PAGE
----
Just in time for the next project month, I finished setting up my elastic habits. Here’s a good video explanation of Elastic Habits. Here are the official guides. I made a custom version of the tracker and a template for a habits poster. The tracker is tailored to my 28-day project months just to keep myself on a uniform schedule. I printed the tracker and a poster filled in with my current habits and put them on the magnetic whiteboard in my bedroom.
For habits I’m starting with sleep, housekeeping, and projects. Later I’ll add or switch to other important life activities such as exercise, but at the moment I see myself as being in self-rehabilitation mode, and these are the habits that feel both doable and impactful.
Sleep is interesting because I can’t really scale the habit levels by sleep time, since I’m aiming for 8 hours every night. Instead I’m scaling my preparation for sleep. The Mini habit is falling asleep anywhere (such as on the sofa) in time for an 8-hour sleep (or within an hour of getting home). The Plus level is being ready for an 8-hour sleep in bed with my nighttime medication done. The Elite level is sleeping on time with my whole night routine done.
I’m rethinking my goals for reading my long print books. I spent a lot of time reading on my day off on Monday, but it reminded me that reading takes a lot of time, and I don’t know what’s a realistic daily page count, especially when I often miss days (like most of last week) and have to catch up if I’m trying to keep a schedule. So for now I’m just going to see how reading fits into whatever routine my chosen elastic habits create and not worry about deadlines for finishing these books.
February’s project is my finances. My goals are to settle on some financial software, update my budget, and start at least my emergency fund investment. Hopefully my new elastic habits will help me make faster progress on this project than I made on the setup of those habits.
Melanie Mitchell’s Complexity: A Guided Tour does just what it says on the tin. My attention was turned to this topic by Robert Flood’s Rethinking the Fifth Discipline, in which he appeals to complexity as a corrective to the top-down solutions to systemic problems Peter Senge recommends in The Fifth Discipline. In my view any approach that goes further in grappling with the world’s messiness is a step in the right direction, so I was intrigued. It hasn’t been easy to find a good overview of this field, but Mitchell’s looked promising.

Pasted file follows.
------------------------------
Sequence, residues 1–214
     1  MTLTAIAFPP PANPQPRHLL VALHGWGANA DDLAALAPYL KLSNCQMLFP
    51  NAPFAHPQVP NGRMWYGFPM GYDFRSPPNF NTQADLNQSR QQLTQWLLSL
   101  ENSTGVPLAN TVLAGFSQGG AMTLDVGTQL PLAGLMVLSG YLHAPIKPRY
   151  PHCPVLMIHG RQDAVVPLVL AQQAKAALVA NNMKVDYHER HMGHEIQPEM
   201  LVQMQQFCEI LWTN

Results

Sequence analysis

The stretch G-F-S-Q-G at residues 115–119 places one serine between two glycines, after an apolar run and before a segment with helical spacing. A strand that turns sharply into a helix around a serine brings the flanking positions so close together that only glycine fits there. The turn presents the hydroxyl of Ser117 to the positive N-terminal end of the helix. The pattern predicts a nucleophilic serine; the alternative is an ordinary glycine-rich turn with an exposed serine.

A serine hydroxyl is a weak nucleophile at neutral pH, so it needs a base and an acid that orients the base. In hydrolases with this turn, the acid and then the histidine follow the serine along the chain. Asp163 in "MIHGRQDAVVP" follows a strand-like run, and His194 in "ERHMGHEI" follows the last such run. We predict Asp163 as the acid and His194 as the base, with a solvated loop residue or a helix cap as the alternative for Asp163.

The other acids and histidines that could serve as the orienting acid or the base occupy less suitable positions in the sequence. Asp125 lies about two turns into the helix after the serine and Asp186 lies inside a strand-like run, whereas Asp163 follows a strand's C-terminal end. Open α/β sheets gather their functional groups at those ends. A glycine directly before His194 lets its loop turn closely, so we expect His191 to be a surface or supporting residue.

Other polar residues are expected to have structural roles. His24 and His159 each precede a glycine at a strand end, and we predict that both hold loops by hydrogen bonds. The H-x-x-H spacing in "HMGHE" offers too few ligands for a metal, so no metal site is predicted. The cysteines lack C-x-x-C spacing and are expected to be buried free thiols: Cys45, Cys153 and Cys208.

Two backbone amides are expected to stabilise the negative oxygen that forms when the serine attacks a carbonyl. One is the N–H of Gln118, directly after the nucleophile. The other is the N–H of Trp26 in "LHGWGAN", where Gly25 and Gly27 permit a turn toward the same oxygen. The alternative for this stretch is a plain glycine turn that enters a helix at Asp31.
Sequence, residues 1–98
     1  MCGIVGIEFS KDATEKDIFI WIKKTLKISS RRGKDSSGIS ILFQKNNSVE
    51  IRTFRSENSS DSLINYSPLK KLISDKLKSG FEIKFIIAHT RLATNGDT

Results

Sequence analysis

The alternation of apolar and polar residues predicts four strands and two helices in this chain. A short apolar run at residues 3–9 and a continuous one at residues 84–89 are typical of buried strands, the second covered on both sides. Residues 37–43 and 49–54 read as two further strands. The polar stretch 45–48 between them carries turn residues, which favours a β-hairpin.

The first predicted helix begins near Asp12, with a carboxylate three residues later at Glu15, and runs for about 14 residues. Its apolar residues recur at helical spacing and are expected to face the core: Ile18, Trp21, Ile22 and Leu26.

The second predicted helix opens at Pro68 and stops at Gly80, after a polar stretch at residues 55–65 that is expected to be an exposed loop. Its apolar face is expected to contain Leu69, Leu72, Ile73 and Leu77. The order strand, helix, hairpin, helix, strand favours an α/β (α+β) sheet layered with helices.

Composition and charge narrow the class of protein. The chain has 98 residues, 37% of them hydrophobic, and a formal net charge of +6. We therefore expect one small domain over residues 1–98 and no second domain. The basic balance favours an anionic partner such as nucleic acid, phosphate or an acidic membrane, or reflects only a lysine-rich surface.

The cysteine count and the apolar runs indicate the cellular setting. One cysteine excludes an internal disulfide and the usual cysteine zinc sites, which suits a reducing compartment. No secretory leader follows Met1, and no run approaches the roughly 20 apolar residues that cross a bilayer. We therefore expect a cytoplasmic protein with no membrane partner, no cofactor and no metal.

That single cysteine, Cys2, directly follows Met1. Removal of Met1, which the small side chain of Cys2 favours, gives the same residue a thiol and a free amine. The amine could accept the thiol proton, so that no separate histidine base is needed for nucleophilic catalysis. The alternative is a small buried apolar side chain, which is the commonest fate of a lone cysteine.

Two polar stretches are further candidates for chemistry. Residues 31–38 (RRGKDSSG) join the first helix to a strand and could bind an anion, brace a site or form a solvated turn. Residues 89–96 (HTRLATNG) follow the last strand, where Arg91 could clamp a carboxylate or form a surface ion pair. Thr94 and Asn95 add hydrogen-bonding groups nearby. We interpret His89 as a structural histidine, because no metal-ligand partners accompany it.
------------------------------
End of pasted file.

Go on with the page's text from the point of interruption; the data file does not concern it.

As the book progressed I found out why it might be hard to find good intros: The story she tells is of a newish science trying to find its footing, not even sure how to define itself. The book is fairly personal, and I was intrigued to find that Mitchell is part of the Sante Fe Institute and that she studied under Douglas Hofstadter, who was the one who turned me on to cognitive science. In the end I did feel I’d been guided through the highlights of complexity science, so as usual with these books I now have many starting points for research.
I was relieved to see a peaceful transfer of power. I was also gratified to see the new administration hit the ground running, addressing so many talking points right away that the pundits I listen to have commented on for so long. My political attention might wane a bit now that I feel the adults are in charge, but watching politics has become another habit for me, so I’ll have an eye on it for the foreseeable future. And in case you’re interested, here’s my growing Twitter list of extremism researchers.